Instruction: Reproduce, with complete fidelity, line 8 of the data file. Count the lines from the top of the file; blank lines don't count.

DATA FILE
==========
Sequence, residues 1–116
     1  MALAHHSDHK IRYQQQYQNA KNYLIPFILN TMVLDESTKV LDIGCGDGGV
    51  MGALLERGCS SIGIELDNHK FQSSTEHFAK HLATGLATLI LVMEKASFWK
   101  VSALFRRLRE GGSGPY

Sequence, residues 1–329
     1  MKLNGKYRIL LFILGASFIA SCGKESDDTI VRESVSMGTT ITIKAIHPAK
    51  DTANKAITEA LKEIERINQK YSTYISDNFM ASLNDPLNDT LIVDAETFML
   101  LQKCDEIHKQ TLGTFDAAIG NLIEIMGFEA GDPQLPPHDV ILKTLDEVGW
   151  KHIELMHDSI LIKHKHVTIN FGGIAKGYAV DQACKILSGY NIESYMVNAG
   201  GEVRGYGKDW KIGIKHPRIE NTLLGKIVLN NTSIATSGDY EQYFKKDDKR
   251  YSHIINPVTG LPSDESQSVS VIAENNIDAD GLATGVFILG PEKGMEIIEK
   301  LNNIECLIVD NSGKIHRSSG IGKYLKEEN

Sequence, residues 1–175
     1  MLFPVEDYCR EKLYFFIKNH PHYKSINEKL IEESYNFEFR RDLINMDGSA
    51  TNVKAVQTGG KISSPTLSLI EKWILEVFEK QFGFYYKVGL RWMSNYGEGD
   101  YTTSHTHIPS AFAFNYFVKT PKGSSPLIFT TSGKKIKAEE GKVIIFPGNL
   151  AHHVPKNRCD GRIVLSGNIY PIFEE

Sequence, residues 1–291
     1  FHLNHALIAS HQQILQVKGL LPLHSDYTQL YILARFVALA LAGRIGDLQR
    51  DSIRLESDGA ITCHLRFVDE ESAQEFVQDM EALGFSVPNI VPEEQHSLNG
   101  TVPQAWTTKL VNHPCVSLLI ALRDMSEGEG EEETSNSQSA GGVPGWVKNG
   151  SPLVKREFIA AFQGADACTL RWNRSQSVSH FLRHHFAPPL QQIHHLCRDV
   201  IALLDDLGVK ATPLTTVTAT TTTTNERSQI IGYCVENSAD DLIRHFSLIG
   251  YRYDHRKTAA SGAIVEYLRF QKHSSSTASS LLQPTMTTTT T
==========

   101  LQKCDEIHKQ TLGTFDAAIG NLIEIMGFEA GDPQLPPHDV ILKTLDEVGW